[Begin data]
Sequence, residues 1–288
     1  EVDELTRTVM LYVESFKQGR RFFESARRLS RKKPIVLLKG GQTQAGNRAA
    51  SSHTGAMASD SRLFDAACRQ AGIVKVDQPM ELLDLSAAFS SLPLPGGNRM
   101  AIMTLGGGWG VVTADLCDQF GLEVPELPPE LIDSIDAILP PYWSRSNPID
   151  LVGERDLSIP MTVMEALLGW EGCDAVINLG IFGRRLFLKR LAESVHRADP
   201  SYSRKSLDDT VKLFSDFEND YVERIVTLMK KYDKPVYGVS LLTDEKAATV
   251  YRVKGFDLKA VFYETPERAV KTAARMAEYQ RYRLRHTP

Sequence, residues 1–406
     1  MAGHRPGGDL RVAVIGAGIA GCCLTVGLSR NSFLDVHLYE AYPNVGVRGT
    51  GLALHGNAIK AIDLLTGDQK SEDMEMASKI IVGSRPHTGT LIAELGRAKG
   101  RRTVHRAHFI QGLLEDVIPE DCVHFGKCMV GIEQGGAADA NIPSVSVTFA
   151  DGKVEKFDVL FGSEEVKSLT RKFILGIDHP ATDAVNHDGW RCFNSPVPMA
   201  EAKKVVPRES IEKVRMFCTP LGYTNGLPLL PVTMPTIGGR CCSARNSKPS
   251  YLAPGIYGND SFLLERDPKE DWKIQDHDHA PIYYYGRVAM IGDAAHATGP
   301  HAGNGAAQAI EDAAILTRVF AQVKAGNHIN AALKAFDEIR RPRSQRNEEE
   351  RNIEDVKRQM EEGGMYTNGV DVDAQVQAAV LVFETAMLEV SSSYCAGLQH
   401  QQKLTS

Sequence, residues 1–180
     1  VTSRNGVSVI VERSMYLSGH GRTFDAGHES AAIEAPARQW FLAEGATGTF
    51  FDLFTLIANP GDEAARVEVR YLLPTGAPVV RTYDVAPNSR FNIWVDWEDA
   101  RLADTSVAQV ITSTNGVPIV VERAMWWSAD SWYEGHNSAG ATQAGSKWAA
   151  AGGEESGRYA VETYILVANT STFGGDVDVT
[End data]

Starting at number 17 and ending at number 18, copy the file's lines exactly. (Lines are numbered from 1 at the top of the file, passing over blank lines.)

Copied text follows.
   401  QQKLTS

Sequence, residues 1–180